A timely reminder on requests to amend a claim

Posted by David Moore on
In a recent case, the High Court has confirmed the law in relation to a request for a late amendment to a claim. The main point to take away is that if an amendment is crucial to your case – it is best not to leave it until 'the 11th hour'.

The case itself (Bing Holdings Inc and Anor v Hue-Williams [2017] EWHC 3149 (QB)) related to a claim by a Mr Hue-Williams, an art dealer, against his clients for commissions due under a contract, or alternatively under the principle of quantum meruit. A quantum meruit claim is relied upon in the alternative to a claim in contract where specific terms of a contract cannot be relied upon, as it is a claim for a reasonable sum for goods or services provided (for example, where payment terms need to be implied as there are no contract terms properly setting them out ).

The Amendment

Mr Hue-Williams wished to amend his alternative claim (i.e. the claim not relying upon the contract) so as to include a claim for an unjust enrichment. An unjust enrichment claim is somewhat similar to quantum meruit in that it relates to a situation where specific contract terms cannot be relied upon. However, the focus is on the benefit obtained by a defendant (and returning that benefit to a claimant) rather than an assessment of the sums that might properly be due to a claimant for goods or services provided.

Mr Hue-Williams made an application to court to add his claim in unjust enrichment to his existing claim. The application was heard six clear days before trial.

The Court's Response

The court refused Mr Hue-Williams' application. This is not entirely surprising, given that Mr Hue-Williams had himself conceded that the additional claim was a "gloss" to his existing claims and that he would not want to proceed with it should it delay the trial.

The Court's Reasoning

Notwithstanding Mr Hue-Williams' concession, the court applied existing legal principles (set out in Quah Su-Ling v Goldman Sachs International [2015] EWHC 759 (Comm)) to conclude that the amendment application should not be allowed. It was confirmed that the court has discretion as to whether to allow an amendment, though a balance needs to be struck to between injustice to the applicant in refusing the amendment and injustice to the respondent and other parties if the amendment is allowed.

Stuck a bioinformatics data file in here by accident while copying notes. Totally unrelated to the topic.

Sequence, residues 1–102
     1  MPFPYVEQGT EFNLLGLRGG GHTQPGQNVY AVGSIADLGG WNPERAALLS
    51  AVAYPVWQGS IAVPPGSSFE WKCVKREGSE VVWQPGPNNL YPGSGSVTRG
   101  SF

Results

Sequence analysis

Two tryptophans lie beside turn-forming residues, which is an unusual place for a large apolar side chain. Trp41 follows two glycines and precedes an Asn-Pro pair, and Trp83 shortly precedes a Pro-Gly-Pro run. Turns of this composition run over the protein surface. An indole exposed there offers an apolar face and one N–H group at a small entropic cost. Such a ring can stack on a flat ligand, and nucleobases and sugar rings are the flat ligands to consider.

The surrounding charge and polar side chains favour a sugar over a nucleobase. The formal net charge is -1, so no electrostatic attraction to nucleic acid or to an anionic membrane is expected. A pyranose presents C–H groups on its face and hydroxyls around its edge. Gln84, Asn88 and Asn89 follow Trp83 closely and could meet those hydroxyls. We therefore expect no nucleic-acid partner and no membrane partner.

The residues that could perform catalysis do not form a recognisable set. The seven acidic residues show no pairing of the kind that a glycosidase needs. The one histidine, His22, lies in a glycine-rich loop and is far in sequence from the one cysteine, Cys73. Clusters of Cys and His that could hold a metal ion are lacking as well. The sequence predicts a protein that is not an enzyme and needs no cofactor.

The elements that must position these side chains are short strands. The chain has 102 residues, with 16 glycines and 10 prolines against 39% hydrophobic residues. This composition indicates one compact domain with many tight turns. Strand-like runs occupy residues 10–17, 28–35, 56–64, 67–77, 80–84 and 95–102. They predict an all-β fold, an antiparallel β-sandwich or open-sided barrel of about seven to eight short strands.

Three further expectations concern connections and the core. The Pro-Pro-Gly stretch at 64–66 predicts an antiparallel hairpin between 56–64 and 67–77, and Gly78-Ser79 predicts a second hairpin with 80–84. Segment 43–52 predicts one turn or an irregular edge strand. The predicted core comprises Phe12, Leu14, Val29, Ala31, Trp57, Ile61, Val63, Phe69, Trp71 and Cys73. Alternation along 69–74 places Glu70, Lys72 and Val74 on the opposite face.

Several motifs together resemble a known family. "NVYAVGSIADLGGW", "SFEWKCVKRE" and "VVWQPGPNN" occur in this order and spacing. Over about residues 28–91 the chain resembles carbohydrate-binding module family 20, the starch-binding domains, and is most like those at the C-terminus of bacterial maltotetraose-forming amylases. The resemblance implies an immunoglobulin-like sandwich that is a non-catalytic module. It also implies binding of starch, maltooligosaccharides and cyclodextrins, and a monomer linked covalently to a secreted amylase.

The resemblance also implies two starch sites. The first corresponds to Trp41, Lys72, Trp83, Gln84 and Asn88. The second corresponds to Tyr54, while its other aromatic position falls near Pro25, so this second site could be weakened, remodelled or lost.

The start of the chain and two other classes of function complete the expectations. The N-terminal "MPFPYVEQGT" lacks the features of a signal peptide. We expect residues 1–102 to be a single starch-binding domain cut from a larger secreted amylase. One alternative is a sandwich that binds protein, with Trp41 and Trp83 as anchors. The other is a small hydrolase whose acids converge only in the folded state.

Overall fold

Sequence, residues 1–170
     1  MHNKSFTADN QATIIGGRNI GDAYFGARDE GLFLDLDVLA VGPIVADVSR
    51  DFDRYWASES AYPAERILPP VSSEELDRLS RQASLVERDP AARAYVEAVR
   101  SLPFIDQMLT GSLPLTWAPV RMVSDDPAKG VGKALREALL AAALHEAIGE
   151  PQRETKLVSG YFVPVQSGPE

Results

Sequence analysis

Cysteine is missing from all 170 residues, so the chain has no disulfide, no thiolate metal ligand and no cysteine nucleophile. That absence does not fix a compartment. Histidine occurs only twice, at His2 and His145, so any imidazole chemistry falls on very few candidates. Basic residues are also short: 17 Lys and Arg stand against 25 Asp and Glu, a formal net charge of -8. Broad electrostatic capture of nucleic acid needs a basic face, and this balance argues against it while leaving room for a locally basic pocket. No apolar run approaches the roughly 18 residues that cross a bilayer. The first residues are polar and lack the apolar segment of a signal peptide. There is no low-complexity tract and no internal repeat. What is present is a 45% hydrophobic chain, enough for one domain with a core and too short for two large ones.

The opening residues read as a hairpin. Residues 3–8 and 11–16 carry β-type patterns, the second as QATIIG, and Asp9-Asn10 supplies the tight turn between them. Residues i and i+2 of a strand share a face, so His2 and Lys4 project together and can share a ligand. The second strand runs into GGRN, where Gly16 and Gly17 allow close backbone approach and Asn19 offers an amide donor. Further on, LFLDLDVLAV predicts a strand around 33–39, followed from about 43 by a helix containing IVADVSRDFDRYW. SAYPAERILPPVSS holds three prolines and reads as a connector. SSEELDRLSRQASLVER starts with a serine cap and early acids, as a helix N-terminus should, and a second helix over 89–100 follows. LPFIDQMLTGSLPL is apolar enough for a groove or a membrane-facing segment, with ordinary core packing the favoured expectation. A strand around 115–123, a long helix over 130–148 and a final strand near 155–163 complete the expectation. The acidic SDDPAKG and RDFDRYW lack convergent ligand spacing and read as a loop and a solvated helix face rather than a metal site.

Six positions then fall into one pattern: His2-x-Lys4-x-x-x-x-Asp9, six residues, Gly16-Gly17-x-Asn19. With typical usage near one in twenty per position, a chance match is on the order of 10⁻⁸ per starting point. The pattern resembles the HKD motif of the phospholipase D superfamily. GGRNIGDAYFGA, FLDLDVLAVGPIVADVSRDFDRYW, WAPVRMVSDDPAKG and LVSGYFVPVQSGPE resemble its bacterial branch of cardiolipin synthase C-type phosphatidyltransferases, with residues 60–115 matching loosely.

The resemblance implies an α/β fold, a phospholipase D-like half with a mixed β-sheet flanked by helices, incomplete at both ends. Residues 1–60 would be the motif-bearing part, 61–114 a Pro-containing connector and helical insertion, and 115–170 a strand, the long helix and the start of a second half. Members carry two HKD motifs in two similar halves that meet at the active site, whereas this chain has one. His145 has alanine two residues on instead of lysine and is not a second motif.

Summarising the court's approach, the important factors were that:

  1. the claim in unjust enrichment was a new claim and if it was allowed, the defendant would not have an appropriate amount of time to adequately defend this new claim (at the fixed trial date);
  2. in any event, the parties had agreed that there was a contract in place between them (making any claim for unjust enrichment highly likely to be redundant);
  3. no good reason was provided by Mr Hue-Williams for the requested change. The Judge was not willing to accept a change in legal representation as a good reason for the request to amend; and
  4. the amendments would require an adjournment of the trial and as such were "very late".

The points at iii. and iv. above come from the principles established in the Quah case. Indeed, the Judge in Quah said that "a heavy burden lies on a party seeking a very late amendment to show the strength of the new case and why justice to him, his opponent and other court users requires him to be able to pursue it" and "a very late amendment is one made when the trial date has been fixed and where permitting the amendments would cause the trial date to be lost. Parties and the court have a legitimate expectation that trial fixtures will be kept".


The law is quite clear on the subject of late amendments. If there are genuine reasons for the request for a late amendment, then proceed with an application (but do so as soon as possible and with an awareness of the risks). If there is little substance to the amendment, it is merely trivial or indeed if there is a good reason for the request but it is 'very late' it might be wise to expect it to be refused – and be aware of the costs implications of making an unsuccessful application.

For more information or advice please contact David Moore or your usual contact in the Litigation team at Blake Morgan. 

About the Author

David is a Litigation and Dispute Resolution Solicitor specialising in a broad range of contentious civil and commercial matters.

David Moore
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